Bryant SchaperCommented:
I did apply it manually, we only have 6 hosts.  

This patch is from May 14 or so, you should see it in the patch downloads, can you import it manually to update manager?
Bryant SchaperCommented:
btw, manually was not too bad, I just placed it in a datastore that all the hosts have, and used an SSH session.

My bigeest problem was waiting for vms to migrate from server to server for the reboot.
AkulshAuthor Commented:

In my Patch Repository of Update manager, I see a different patch from the same day May 14, 2015 -- ESXi600-201505401-BG, which refers to KB#2116126, rather than KB#2116125. I wonder if it is an updated version. Will try to install it. Thanks.

AkulshAuthor Commented:

The reason the May-14 patch initially did not show up in Update Manager is because my setting was for "Critical Patches" only and this is considered 'Important', not 'Critical'. Thanks again.
AkulshAuthor Commented:

I applied the patch (the 2 patches seem identical) last evening and rebooted all hosts, but it has not improved anything. (The Update Manager shows that entire cluster is compliant in terms of Critical and Non-Critical patches.)

I noticed in the article about the patch "Virtual Machine Migration or Shutdown Required: Yes". Not sure what it means. I have DRS enabled and VMs migrate all the time on their own. Any suggestion? Thanks.
Andrew Hancock (VMware vExpert / EE MVE^2)VMware and Virtualization ConsultantCommented:
I noticed in the article about the patch "Virtual Machine Migration or Shutdown Required: Yes". Not sure what it means. I have DRS enabled and VMs migrate all the time on their own. Any suggestion? Thanks.

That means, you must migrate ALL VMs off the Host, Put the host in Maintenance Mode, Apply the Patch, Reboot the server.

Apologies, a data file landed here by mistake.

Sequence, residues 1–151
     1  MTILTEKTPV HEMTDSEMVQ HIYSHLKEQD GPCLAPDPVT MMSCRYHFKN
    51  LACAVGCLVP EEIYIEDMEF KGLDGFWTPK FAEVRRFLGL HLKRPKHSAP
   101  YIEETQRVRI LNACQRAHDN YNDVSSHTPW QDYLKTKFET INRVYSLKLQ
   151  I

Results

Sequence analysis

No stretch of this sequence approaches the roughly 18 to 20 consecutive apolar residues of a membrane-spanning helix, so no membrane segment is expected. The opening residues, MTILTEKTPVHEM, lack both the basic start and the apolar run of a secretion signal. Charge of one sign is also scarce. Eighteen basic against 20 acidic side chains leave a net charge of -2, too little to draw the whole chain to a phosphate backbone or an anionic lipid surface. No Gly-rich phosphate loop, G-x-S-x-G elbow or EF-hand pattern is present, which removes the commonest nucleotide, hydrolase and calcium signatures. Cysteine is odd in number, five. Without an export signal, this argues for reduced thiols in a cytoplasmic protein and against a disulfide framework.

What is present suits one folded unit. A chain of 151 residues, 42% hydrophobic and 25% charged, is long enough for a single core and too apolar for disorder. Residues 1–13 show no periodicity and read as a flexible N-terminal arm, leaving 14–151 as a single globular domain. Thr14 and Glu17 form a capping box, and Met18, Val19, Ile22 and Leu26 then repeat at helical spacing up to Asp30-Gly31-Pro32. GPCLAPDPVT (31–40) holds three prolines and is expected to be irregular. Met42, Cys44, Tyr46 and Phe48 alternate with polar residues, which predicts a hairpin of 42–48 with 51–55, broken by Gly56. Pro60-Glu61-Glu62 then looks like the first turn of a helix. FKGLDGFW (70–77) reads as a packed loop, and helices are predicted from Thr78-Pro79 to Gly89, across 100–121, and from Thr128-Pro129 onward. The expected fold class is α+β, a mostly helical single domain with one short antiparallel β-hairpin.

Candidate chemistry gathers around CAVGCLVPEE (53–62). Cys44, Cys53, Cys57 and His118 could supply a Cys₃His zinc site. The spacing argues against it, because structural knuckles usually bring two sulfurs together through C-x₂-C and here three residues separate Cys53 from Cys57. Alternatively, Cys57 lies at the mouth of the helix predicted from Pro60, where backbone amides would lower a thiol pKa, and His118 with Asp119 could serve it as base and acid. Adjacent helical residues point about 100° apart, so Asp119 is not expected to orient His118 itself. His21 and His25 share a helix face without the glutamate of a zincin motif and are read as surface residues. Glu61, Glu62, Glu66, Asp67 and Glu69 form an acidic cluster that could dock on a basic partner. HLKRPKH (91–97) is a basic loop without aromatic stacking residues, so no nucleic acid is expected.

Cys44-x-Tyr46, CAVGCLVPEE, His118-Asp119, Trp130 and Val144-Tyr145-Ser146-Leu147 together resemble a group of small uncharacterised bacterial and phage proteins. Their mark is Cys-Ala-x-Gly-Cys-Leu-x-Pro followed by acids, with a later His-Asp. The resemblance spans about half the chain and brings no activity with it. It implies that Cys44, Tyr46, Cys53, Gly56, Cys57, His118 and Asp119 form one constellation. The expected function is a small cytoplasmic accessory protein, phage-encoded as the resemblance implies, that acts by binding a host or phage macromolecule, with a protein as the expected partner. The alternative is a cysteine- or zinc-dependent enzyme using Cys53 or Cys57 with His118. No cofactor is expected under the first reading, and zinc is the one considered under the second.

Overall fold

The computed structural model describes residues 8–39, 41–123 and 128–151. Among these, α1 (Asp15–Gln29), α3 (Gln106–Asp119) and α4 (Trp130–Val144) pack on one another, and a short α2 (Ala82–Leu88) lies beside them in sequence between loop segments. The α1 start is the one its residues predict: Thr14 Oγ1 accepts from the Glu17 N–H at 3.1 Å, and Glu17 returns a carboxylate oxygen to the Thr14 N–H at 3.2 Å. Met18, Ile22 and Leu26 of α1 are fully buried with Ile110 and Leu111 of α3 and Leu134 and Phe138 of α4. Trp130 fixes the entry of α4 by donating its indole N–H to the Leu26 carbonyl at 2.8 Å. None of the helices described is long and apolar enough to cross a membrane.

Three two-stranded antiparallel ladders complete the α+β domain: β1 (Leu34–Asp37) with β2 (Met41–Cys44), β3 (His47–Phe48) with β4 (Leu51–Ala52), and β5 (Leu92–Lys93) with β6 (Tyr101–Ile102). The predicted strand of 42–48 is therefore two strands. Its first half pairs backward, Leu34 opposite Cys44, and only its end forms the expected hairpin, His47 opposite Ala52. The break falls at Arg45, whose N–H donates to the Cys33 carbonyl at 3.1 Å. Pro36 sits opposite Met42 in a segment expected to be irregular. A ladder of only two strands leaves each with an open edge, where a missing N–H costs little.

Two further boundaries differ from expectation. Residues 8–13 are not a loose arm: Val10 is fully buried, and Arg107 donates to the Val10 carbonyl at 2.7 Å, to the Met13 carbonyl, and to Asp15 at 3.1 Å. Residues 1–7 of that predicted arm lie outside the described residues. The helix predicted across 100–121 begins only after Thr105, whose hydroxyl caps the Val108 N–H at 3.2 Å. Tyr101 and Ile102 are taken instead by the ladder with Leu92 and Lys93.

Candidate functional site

Bryant SchaperCommented:
How are you performing Veeam backups, I believe they still have a direct san bug under specific situations.  

This was in the weekly forum from Veeam, i would recommend contacting both vendors as well.

Sorry for missing the previous digest due to my travels. In the past 2 weeks, I have delivered the B&R v9 training to our Americas and APAC teams, and attended Microsoft Ignite 2015 (the new all-in-one Microsoft's conference). Here are a few impressions about the latter. First, it was extremely crowded: it's not a good idea to merge both Americas and EMEA mega-conferences into one. I missed a few sessions and lunches due to absolutely insane lanes. On the other hand, it was also one of the most interesting conferences that I have attended. Microsoft has so much really cool stuff coming in the immediate future, that a usually boring main key note flew in one breath for me – despite being one of the longest key notes ever! It's no wonder as there are many enhancements coming in Windows 10 and Windows Server 2016 which are breathtaking! Finally, if I had to name ONE feature that struck me the most, this would be the ability to stretch an individual SQL Server table to Azure SQL database. Talk about true hybrid cloud computing! The new Microsoft keeps impressing me.

On the VMware front, past two weeks of battles with the vSphere 6 issues provided for significant advancements of our troops into the new major release bugs territory. First, late last week VMware has released the patch for the major CBT issue I have covered in my previous digest (KB2114076). First customers who have already had a chance to install the patch are reporting that it fully resolved the issue. Kudos to VMware for addressing the issue so promptly and basically, this becomes a must-install patch for all vSphere 6 deployments until VMware releases Update 1. If you are one of our partners, this is a good reason to reach out to your clients and make sure they have the patch installed. And thanks for forwarding me the release notification the moment it was out, Fernando.